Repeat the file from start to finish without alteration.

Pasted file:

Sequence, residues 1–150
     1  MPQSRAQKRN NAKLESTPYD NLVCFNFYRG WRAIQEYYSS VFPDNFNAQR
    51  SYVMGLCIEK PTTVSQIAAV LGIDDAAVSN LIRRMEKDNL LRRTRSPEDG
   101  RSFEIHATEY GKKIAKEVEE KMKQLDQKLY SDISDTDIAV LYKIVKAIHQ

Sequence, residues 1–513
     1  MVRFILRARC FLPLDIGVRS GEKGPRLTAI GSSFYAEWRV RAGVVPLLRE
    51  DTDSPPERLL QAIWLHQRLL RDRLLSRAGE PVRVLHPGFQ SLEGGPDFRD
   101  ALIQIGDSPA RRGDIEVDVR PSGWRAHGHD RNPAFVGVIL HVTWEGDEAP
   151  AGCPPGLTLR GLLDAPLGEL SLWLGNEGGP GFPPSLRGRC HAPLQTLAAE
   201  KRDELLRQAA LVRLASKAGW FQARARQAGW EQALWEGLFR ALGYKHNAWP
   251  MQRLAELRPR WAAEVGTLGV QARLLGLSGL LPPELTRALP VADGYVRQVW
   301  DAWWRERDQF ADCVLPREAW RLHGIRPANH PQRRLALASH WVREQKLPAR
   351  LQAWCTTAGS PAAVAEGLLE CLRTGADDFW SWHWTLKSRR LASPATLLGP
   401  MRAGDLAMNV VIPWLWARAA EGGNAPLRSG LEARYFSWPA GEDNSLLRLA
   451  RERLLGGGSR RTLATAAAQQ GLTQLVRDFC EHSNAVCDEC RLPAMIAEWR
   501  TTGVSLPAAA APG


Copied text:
Sequence, residues 1–150
     1  MPQSRAQKRN NAKLESTPYD NLVCFNFYRG WRAIQEYYSS VFPDNFNAQR
    51  SYVMGLCIEK PTTVSQIAAV LGIDDAAVSN LIRRMEKDNL LRRTRSPEDG
   101  RSFEIHATEY GKKIAKEVEE KMKQLDQKLY SDISDTDIAV LYKIVKAIHQ

Sequence, residues 1–513
     1  MVRFILRARC FLPLDIGVRS GEKGPRLTAI GSSFYAEWRV RAGVVPLLRE
    51  DTDSPPERLL QAIWLHQRLL RDRLLSRAGE PVRVLHPGFQ SLEGGPDFRD
   101  ALIQIGDSPA RRGDIEVDVR PSGWRAHGHD RNPAFVGVIL HVTWEGDEAP
   151  AGCPPGLTLR GLLDAPLGEL SLWLGNEGGP GFPPSLRGRC HAPLQTLAAE
   201  KRDELLRQAA LVRLASKAGW FQARARQAGW EQALWEGLFR ALGYKHNAWP
   251  MQRLAELRPR WAAEVGTLGV QARLLGLSGL LPPELTRALP VADGYVRQVW
   301  DAWWRERDQF ADCVLPREAW RLHGIRPANH PQRRLALASH WVREQKLPAR
   351  LQAWCTTAGS PAAVAEGLLE CLRTGADDFW SWHWTLKSRR LASPATLLGP
   401  MRAGDLAMNV VIPWLWARAA EGGNAPLRSG LEARYFSWPA GEDNSLLRLA
   451  RERLLGGGSR RTLATAAAQQ GLTQLVRDFC EHSNAVCDEC RLPAMIAEWR
   501  TTGVSLPAAA APG